13. In August Sunset is around 8:30 pm in Victoria. I don't think you will get much out of a bus tour of the city. As Heidi13 suggest, you may find it easier to go visit one of the local pubs. Uber or taxi are convenient. It is also walkable distance and quite safe. There is usually a cash shuttle bus from the cruise terminal to downtown that is only a few bucks.
  14. Shoes. If you were connecting to Canada (or most any other country at a major Canadian airline like Montreal), you would have likely not passed through security again. Going the US is the exception. While I am certain there are some other differences in screen the key difference is going to the US they want you take your shoes and belts off.
  15. Well, that is unfortunate.
  16. If your in France you may have an easier time. They use a contractor in Canada to process Visa applications and have told the contractor to close its offices in Canada. I don't think they have imposes restrictions on issuing visas for Canadian passports.
  17. Only some Canadian airports have US customs pre-clearance. Quebec City does not. At check in in Quebec City, your bags should be tagged to your end destination. You would clear customs/immigration/agriculture in Newark. I am not aware of any US airport that has the automatic baggage transfer through US customs. You will very likely be required to pickup your bags in Newark, as you leave the customs area. There should be a connecting bags belt by the door, where put your bags back into the system. Since the bags are already tagged to your final destination it is just a mater of dropping them off.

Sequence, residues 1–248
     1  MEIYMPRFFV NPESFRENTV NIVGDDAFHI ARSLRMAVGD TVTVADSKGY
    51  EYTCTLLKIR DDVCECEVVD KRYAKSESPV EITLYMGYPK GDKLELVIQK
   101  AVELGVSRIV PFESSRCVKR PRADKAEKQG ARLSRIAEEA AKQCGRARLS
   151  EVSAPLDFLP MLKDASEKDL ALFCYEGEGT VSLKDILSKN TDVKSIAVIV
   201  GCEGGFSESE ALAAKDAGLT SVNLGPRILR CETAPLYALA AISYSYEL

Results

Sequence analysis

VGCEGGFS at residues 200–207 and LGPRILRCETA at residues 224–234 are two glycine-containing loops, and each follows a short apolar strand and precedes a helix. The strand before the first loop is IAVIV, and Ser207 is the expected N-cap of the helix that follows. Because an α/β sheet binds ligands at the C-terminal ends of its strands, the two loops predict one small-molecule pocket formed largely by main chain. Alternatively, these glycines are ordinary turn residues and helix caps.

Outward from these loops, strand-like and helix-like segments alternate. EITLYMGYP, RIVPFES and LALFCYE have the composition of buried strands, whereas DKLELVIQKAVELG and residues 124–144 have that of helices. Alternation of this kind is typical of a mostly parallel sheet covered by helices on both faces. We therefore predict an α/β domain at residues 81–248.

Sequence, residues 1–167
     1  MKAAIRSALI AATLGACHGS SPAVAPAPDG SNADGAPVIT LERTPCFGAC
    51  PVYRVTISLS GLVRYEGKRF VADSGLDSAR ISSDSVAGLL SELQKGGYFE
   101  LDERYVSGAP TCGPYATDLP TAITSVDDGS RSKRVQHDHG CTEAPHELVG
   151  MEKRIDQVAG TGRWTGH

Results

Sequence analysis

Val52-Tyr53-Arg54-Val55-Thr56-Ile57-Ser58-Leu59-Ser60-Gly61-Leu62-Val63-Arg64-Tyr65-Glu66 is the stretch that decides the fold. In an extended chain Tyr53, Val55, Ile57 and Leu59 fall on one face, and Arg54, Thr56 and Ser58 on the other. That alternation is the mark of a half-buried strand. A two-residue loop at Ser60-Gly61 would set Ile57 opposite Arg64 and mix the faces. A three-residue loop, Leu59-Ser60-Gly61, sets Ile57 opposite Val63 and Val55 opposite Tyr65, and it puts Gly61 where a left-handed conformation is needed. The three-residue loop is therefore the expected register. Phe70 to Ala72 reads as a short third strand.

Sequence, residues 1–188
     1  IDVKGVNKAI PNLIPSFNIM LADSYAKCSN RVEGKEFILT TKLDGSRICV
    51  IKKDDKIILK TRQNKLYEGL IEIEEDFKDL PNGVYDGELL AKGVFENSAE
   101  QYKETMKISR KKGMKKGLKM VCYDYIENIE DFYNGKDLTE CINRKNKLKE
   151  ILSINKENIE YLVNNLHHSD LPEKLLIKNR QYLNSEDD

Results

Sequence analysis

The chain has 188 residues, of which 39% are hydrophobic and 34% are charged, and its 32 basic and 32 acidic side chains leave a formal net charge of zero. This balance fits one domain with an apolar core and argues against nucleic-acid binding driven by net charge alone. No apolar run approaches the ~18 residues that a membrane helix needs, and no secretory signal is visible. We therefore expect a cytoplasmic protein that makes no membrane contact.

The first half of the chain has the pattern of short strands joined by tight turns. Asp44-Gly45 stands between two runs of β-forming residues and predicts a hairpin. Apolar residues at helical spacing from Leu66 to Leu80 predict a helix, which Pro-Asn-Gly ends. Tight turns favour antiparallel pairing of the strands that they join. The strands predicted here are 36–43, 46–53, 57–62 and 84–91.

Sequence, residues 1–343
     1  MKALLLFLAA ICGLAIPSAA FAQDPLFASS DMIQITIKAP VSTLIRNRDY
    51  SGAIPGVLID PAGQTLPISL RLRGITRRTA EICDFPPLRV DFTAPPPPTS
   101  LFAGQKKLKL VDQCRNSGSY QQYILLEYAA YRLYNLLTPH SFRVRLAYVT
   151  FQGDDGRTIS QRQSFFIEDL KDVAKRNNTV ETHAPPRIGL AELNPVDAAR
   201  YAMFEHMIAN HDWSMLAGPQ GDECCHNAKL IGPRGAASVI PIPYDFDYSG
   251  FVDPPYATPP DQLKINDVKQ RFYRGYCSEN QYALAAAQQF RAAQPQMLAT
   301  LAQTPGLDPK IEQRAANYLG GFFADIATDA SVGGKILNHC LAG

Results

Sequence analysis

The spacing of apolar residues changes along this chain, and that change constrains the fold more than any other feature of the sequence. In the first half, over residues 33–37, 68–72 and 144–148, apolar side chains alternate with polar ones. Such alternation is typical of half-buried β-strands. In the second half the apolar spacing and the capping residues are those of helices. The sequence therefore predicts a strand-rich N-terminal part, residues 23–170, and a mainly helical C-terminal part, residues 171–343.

18. They currently only have the machines in Toronto, Vancouver and Montreal. They have them pre-security. I can see them working in Toronto, it is a hopeless at virtually any other airport (including Vancouver and Montreal). Most people in the line at T1 in Toronto are AC passengers. In most other airports the passengers in line are for a broad mix of airlines. This comes down to aircraft type. The 777 aircraft have a lot of bin space. The worse AC aircraft I have ever been on for bin space are the Q400 that PAL airlines operates for Air Canada in Atlantic Canada. There is zero change of getting a wheeled bag into those bin. Everything has to be checked. Even the Q400 that Air Canada Jazz, WestJet Encore or Porter use have more space and can accommodate those larger bags. The checkin agent at Air Canada based on aircraft type has a target for the number of passengers that need to have checked bags so they have a chance of not running out bin space. It is not unusual for them to make an announcement, "I need 4 people to check their bags before boarding, and it is free". They try to get to that target before they even start the boarding process. To their credit it usually works.